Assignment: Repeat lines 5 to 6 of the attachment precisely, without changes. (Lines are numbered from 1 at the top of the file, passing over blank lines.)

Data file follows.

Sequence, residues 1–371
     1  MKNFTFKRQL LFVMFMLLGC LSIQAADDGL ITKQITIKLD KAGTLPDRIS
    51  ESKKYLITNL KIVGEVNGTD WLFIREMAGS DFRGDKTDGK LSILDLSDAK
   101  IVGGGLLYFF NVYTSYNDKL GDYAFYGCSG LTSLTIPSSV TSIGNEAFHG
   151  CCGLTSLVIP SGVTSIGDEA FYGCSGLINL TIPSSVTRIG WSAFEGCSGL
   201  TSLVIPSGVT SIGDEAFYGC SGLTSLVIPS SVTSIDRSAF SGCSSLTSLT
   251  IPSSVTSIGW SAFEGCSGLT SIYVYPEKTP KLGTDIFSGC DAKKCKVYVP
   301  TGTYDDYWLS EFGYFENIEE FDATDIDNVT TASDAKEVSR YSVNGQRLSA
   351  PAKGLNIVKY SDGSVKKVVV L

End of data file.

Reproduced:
   151  CCGLTSLVIP SGVTSIGDEA FYGCSGLINL TIPSSVTRIG WSAFEGCSGL
   201  TSLVIPSGVT SIGDEAFYGC SGLTSLVIPS SVTSIDRSAF SGCSSLTSLT